This Site’s colleague over at The Critique Archives makes an important point about the behaviour of Labour MP Luciana Berger, who has been whipping up outrage by faking complaints of anti-Semitism.

Ms Berger was the most vocal critic of Peter Willsman’s recorded outburst against Trump-supporting members of the Jewish community who, he said, were “making up daft information without any evidence at all” – referring to accusations of anti-Semitism.

Ironically, he was then subjected to exactly the same treatment. As you can see from the extract below, Ms Berger’s complaint about Mr Willsman contains no evidence at all.

The point is that Ms Berger seems to subscribe to the false interpretation of what’s become known as the Macpherson principle – that an accusation of racist (in this case anti-Semitic) behaviour must be true if the person making it belongs to an ethnic minority.

It is a transparently false assumption. Suppose the police received such a complaint – do you honestly think they would take legal action against the alleged perpetrator without first having investigated the facts of the matter for themselves? They would be laughed out of court. In fact, the case would never even get that far.

But I reckon it is under that principle that Ms Berger made her big mistake – prejudicing the cases of two Labour councillors who have been accused of anti-Semitism.

My concern, as a person who is experiencing Labour’s prejudiced disputes system for himself, is that nobody investigating these cases will care. My own case indicates an automatic presumption of guilt, simply because I have been accused.

(If you doubt that, allow me to remind you of the paragraph on my charge sheet, urging Labour’s NCC to find me guilty, no matter what the evidence shows: “There are current and potential Labour voters of all backgrounds who are watching carefully what the Party does with cases like Mr Sivier’s. Taking definitive action in this case would send a clear and unambiguous message to all of them that Mr Sivier and the views he published extensively have absolutely no place in the party.”)

I agree that Ms Berger has brought the Labour Party into disrepute by publicly accusing other party members and by endangering the (claimed, if not actual) impartiality of the investigation process.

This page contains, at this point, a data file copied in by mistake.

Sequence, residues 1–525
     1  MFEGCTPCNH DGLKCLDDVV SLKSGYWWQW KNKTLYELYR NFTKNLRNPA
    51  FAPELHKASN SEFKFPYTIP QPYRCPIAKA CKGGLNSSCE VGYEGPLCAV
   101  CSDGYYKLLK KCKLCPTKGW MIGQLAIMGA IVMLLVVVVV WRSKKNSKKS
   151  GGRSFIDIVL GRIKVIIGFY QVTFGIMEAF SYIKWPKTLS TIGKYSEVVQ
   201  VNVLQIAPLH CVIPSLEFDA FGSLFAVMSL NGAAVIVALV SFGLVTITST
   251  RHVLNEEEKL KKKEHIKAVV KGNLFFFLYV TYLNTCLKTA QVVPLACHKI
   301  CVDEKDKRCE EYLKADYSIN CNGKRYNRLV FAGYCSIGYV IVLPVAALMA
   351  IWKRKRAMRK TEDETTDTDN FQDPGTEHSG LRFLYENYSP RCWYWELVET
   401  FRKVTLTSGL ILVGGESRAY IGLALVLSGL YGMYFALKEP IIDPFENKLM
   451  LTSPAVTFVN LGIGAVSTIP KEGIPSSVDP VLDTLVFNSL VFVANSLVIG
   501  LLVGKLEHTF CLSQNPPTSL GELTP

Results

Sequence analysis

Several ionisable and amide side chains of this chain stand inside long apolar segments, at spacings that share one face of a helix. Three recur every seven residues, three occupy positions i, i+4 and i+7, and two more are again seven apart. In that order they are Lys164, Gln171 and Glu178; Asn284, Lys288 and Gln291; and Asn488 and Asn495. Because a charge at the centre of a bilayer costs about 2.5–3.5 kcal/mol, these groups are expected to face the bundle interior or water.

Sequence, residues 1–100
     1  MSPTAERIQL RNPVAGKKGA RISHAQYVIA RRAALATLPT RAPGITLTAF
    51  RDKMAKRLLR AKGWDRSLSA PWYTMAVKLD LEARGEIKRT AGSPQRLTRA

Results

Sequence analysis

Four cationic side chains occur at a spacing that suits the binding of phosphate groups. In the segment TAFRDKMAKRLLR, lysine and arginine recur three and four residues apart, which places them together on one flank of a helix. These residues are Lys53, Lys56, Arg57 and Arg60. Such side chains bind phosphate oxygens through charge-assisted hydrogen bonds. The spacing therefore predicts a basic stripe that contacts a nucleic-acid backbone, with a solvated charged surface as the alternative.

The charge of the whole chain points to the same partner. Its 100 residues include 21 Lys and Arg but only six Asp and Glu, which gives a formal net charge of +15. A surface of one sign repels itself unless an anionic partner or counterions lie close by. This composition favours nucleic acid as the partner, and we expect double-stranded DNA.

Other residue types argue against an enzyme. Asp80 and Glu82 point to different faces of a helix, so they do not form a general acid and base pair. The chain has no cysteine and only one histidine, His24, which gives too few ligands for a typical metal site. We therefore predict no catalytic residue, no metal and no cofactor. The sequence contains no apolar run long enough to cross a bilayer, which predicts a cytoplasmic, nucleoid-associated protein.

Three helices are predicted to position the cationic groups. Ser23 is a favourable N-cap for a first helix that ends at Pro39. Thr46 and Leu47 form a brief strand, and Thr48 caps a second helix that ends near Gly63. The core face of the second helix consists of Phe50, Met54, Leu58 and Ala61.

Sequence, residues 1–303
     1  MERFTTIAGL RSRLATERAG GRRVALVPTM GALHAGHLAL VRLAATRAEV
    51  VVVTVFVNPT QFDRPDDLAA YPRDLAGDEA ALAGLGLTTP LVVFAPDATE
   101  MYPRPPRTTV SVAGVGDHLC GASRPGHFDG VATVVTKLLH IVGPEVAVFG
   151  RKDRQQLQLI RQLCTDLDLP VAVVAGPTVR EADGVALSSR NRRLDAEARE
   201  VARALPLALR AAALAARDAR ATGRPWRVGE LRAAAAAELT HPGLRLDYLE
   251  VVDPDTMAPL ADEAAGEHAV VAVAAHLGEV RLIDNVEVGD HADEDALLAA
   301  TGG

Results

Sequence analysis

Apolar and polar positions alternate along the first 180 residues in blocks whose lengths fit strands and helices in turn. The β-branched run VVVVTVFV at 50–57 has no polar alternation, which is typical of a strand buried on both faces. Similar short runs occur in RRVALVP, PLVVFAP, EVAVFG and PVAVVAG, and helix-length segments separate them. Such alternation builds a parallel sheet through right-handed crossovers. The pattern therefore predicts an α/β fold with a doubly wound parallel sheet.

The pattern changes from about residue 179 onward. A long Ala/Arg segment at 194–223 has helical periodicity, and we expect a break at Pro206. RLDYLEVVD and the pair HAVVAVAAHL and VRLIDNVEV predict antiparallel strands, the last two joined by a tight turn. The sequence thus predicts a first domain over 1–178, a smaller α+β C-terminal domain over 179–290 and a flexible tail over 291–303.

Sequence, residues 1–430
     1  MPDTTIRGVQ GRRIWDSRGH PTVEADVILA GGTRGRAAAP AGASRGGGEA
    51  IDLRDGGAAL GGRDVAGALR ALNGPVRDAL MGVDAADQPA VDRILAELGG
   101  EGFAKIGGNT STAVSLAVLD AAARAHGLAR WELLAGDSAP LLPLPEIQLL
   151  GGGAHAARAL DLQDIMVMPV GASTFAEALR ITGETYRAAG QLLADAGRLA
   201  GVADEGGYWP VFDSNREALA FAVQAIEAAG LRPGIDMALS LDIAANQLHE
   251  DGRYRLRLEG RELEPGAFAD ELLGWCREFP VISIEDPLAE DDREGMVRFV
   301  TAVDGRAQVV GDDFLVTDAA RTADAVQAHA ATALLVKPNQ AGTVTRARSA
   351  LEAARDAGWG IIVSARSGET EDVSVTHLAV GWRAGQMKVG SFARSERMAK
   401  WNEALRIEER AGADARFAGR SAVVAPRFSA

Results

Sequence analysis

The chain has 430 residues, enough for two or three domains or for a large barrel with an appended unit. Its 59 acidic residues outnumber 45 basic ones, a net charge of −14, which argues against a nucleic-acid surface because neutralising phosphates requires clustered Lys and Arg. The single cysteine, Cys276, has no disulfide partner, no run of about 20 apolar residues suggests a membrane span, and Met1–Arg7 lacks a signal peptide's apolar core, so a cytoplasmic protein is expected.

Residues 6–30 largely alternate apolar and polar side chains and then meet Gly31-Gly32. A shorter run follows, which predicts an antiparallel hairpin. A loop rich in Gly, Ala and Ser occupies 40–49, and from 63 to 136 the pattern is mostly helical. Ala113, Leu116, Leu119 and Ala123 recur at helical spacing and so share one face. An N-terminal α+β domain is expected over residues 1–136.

She should be punished for these offences – behaviour for which, let us remind ourselves, there is clear evidence, unlike her own claims about other people.

It will be interesting to see whether Labour’s disputes mechanism actually allows any action against her – or if its bosses wish to declare their own prejudice for all the world to see.

If you wish to report Berger’s appalling behaviour, please e-mail the Labour Party’s complaints office at [email protected]. The more reports the party receive about what Berger has done, the more pressure they will come under to bring her to book.

In her determination to prove that the ‘anti-Semitism-in-the-Labour-Party’ controversy is something more than a semi-fantasy, [Luciana Berger] has overstepped an important line.

Berger was interviewed on 31st July – much too gently as usual – by Shelagh Fogarty on LBC Radio about the deafening furore. In particular, Berger was asked about this week’s kerfuffle over Labour NEC member Peter Willsman‘offensively’ suggesting that some British Jews were disturbingly happy about Donald Trump becoming US President.

Fogarty rightly asked Berger to clarify precisely what was anti-Semitic about Willsman’s words. It was noticeable that Berger did not clarify, beyond waffling in a strident but roundabout way about Willsman’s statements being ‘unacceptable’, which really just put the implication of the question in different words. She also failed to explain why Willsman’s words were even untrue. Which of course they were not; the Board of Jewish Deputies, in particular, were tellingly eager to congratulate Trump on becoming President. Given Trump’s ignorant enthusiasm for Zionism, largely based around trying to please Christian fundamentalists in the USA, that is perhaps to be expected.

Fogarty – again as usual – managed to miss Berger’s evasion completely and moved on. To her credit, she soon asked Berger a question she does not get asked nearly often enough in the mainstream media; what evidence is there that anti-Semitism in the Labour Party really is as widespread as she claims? It was here that Berger overstepped from mere McCarthyite cynicism to a possibly indictable violation.

She then cited two Labour councillors who had been suspended during this week as supposedly definitive examples of anti-Semitism being out of control.

In so doing, Berger has risked prejudicing the investigations, while increasing public pressure on the party to find the two councillors guilty, irrespective of the investigations’ findings. She is also guilty of a lazy form of fallacious thinking that is as worrying to observe in a national legislator as is her poisonous maliciousness; by assuming that the accusation is evidence, instead of the accusation requiring evidence, she has lapsed into infantile circular reasoning. “I know they must be guilty because they’ve been accused, because if they’ve been accused they must be guilty.”

No, It does not work like that, it must never work like that. The accusation must be followed by evidence. When the accusation is the evidence, we enter a world in which anyone can be accused of anything, and they are automatically guilty. Chaos and endless injustice lie down that path.

Source: Expel Luciana Berger | TheCritique Archives